There are many questions surrounding the royal baby who is expected sometime in April. Is it a boy or a girl? What will their name be? Where will the Duchess of Sussex give birth? And, of course, what royal title will Meghan Markle and Prince Harry’s baby have once they're born? For some of those answers, we just have to wait until the royal couple's little one arrives. But there are, at least, a few clues to help answer that last question.
The little one will be the first child for Markle and Prince Harry, and will be welcomed with great fanfare. But he or she won’t automatically become a prince or princess, despite being born to a prince. That's because, in 1917, King George V decreed that only the oldest son of the Prince of Wales’s oldest son — that’s 5-year-old Prince George, Prince William's oldest son — would be given the prince title automatically, according to Town & Country. However, when Prince William's wife, Kate Middleton, was pregnant with her first baby, the Queen issued what’s called a letters patent that decreed that all of Prince William’s children could carry the prince or princess title, according to Vogue.
So, as People explained, the Queen would have to intervene again to give Prince Harry’s child the prince or princess title.
But there are some royal titles that will be automatically passed down to Markle and Prince Harry's baby. According to a royal expert who spoke with People, “It’s traditional for the eldest son of a duke to eventually inherit his father’s title. If their baby is a boy, he could be known by the title Earl of Dumbarton, the secondary Sussex title, before inheriting the dukedom.” Children born second, third, and so one would be called Lord or Lady Windsor.
Surprisingly, Prince Harry and Markle also have the option of turning down any title bestowed by the Queen, according to Harper's Bazaar. In fact, Princess Anne, the Queen’s daughter, did that with her children, Peter and Zara Phillips, as the magazine reported. The Queen’s son, Edward, also asked for a lesser title than he was offered when he got married, so he is a duke now instead of an earl, according to Metro.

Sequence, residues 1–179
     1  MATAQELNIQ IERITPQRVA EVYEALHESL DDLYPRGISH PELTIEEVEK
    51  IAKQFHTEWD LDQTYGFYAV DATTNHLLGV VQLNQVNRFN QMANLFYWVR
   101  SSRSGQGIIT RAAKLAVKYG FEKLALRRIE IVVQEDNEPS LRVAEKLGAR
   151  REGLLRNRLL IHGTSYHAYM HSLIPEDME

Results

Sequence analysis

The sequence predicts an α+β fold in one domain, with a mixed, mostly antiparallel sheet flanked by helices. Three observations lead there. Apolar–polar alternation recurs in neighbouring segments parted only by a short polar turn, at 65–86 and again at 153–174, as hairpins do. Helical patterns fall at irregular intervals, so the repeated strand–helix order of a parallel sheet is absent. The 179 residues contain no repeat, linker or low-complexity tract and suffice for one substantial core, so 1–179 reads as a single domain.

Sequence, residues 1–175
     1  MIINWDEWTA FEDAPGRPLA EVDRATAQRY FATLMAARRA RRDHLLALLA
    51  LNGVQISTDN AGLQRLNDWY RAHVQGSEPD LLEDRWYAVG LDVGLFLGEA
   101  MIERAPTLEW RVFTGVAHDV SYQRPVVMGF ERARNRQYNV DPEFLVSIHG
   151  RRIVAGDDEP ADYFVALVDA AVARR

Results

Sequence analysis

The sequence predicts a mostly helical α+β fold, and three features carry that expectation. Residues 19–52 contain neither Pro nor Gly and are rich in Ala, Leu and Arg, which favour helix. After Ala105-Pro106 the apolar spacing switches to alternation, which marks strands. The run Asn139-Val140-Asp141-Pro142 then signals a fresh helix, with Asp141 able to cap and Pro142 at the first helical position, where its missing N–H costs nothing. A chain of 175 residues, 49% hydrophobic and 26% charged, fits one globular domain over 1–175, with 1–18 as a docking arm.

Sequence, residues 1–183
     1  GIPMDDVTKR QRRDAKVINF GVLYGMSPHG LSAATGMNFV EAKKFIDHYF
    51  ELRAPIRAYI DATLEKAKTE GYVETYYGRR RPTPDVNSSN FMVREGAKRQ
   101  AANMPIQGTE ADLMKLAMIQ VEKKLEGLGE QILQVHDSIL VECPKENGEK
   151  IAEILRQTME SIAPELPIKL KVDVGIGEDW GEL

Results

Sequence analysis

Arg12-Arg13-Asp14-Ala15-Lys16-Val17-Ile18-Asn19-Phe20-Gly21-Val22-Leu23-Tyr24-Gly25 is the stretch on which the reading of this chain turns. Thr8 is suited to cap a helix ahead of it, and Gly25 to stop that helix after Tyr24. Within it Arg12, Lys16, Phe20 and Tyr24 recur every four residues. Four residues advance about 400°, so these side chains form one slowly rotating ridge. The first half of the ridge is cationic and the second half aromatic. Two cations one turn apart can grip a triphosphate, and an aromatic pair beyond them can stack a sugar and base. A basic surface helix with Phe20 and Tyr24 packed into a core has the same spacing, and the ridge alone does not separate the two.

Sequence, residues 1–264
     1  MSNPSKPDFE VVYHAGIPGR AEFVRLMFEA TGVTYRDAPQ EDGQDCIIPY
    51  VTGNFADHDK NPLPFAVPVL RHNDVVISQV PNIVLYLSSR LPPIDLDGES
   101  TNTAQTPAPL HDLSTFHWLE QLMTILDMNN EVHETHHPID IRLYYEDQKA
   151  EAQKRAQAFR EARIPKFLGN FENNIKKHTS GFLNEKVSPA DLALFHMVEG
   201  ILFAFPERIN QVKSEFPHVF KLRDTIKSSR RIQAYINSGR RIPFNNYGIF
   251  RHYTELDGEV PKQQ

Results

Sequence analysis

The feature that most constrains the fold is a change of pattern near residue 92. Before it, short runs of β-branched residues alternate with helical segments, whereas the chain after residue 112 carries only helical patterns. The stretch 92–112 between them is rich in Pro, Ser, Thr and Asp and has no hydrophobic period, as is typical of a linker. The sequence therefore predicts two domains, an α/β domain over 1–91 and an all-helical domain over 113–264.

Beyond the upcoming royal baby's name and sex, another thing some people are speculating (and betting) about is whether Markle is pregnant with twins, according to TODAY, because people love a good theory, right? In fact, Paddy Power, an Irish betting company, had to suspend bets on the topic in November.
"An unprecedented amount of bets on Meghan and Harry to have twins has forced us to stop taking bets on the market altogether," the company said in a statement on its site. "Since the day began, the stream of bets has led us to believe that perhaps the punters — or an insider source — knows something more than we do."
Whether it’s one baby or two, Markle’s status as a citizen of the United States, should she keep it, may also provide her baby dual citizenship. As The New York Times reported, a baby born to a U.S. citizen living abroad, in wedlock, will be also be a U.S. citizen when they are born. That only happens if one parent has lived in the U.S. for at least five years, two of which have to have been after they were 14 years old. Markle certainly fits the bill.
For the rest of the answers on this little royal one, we’re all going to have to wait until they make he or she arrives. Hang tight, it shouldn’t be much longer.